Collective good, personal liberty clash over masks

Three students with masks talk

By Dezarae Churchill

Remember going to the supermarket in early March of last year? No one was wearing face masks and the select few who were stuck out like a sore thumb, almost being viewed as social pariahs.

A year and a half later, leaving the house with a face mask is as common as remembering your keys. However, there has been a grave amount of pushback in regard to mask mandates.

The debate lies in the obstruction of personal liberty and protecting the health of the collective good. As Americans, we often go on high alert when something appears to infringe upon our personal freedoms.

Public schools across the country are finding themselves amidst one of the largest debates of utilitarianism to date. Utilitarianism is a theory of ethics founded by Jeremy Bentham and John Stuart Mill. Stated simply, the theory says that an action is right if the results benefit the majority of people involved.

Is the health of the majority worth jeopardizing the liberty of the few? Utilitarianism would say, yes. I would have to agree. Wearing a mask is a temporary measure to ensure the safety of yourself and others.

To be a member of a society, one must be willing to prescribe to certain rules.

We understand that we must not drive our cars while intoxicated, as it is a danger to ourselves and others. There are those who choose to ignore these obligations; however, these situations often end in a deadly manner. 

Parents and school districts have been debating over the school’s ability to enforce mask mandates. President Biden has little control over the state’s educational policies, which is increasing pushback among heavily politically ran states. Therefore, we see a grave divide between schools advocating for and against their children to remain masked.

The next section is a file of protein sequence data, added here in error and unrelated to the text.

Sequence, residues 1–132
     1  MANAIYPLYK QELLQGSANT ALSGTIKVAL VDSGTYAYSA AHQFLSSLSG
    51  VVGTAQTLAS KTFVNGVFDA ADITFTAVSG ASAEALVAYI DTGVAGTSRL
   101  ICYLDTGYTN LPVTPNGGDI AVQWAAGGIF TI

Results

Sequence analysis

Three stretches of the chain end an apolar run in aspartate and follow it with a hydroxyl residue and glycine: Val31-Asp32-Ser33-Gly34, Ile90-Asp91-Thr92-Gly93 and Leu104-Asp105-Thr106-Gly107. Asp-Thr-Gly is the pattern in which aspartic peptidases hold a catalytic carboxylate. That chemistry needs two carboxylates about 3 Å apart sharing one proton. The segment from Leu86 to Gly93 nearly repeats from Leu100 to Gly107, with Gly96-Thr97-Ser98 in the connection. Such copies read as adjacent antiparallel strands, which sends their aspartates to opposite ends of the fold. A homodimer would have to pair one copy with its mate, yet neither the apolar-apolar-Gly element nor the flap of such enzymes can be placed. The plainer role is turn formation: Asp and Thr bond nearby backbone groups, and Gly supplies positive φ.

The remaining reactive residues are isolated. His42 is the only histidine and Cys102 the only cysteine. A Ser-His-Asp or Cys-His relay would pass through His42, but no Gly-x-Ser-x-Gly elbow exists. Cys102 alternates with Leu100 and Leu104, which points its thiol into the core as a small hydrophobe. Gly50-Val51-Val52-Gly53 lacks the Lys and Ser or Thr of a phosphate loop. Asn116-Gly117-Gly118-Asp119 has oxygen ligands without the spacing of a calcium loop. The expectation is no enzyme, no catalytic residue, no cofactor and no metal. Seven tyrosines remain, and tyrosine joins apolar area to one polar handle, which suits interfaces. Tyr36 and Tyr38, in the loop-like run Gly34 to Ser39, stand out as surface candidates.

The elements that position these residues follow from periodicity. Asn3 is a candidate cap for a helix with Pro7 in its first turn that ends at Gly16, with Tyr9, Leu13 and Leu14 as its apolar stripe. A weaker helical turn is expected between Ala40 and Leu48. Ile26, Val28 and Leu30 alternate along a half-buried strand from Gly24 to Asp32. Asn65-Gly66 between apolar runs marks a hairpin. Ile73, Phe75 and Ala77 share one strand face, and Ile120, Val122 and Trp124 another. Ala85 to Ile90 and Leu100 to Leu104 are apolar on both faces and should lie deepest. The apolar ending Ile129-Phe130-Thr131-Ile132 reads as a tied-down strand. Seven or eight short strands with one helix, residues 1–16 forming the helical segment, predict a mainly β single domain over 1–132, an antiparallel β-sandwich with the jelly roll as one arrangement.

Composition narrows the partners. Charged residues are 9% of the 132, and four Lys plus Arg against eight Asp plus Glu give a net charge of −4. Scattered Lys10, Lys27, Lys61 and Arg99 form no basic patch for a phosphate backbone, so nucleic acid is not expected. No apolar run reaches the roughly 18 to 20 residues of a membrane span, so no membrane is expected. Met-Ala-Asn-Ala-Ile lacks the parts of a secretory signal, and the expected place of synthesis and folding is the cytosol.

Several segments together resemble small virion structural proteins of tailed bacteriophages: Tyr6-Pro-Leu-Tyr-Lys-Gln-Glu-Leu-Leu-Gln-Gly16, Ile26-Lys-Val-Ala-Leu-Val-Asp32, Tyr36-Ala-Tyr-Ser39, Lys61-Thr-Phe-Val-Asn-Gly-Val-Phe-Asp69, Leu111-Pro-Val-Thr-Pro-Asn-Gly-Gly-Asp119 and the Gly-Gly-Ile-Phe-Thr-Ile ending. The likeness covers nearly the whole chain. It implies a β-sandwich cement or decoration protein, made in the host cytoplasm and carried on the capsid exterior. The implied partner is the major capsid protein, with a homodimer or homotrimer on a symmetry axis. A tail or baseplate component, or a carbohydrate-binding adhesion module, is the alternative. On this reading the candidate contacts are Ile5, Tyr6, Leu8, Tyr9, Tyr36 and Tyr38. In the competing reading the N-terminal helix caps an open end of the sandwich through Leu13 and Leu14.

I am a parent of a second-grader, and public schools in North Carolina have mandated masks for attendance to class. I believe masks should be mandated in public schools, allowing for the exception of those with medical reasons not to. The safety of the students and teachers should be the top priority. My son, Noah Robinson, age 7,  doesn’t seem to mind.

(Noah Robinson, second grade) Photo by Dezarae Churchill

“Wearing a mask is fine,” he said when I asked him about the mask mandate. “It doesn’t even bother me.”

His daily reality is a mask for seven hours, with a break for lunch and recess. 

“Would you rather wear a mask at school or be at home virtually learning?” I asked him. 

“I will always wear a mask,” he said. “I want to be at school with my friends!”

We see parental resistance in more right-leaning states. Governor Ron DeSantis of Florida issued a statement to parents assuring them masks would not be a part of the dress code. This statement was challenged by the Florida Supreme Court, and it was ruled that DeSantis had overstepped his authority. 

According to National Geographic, 63% of parents support requiring unvaccinated students to wear a mask; the remaining percentage fall among those petitioning and protesting their child’s rights to go unmasked. 

Does wearing a mask prescribe to the notion of safety?  

Noah, in second grade, doesn’t seem to have an opinion: “I don’t feel safe, or unsafe, but we have to wear them.” 

Skeptical parents are worried about the long-term effects masking can have on their children, psychologically and physically. 

The country is clearly split on the matter as well. States like Illinois and New Jersey have implemented mask mandates for all schools, while schools in South Carolina and Texas have complete mask bans. 

Some parents are turning to violence in their frustrations of not feeling heard. Last week in California, notably one of the most Democratic states, there was an incident where a teacher (unnamed) was attacked after an argument with a parent regarding the mask mandate. He suffered several lacerations and had to be hospitalized, according to CNN.

The most important thing to remember is these children are grateful to be back in school with their teachers and friends. 

Quarantine and remote learning was a struggle for us all. We should give credit to the school system for doing the best they can to provide a safe and nurturing environment for our children.
Many of us do not have the option to sustain at-home learning for our children while maintaining our professional lives. 

While autonomy is always a priority, grace is a necessity while everyone continues to navigate through this time of uncertainty and change.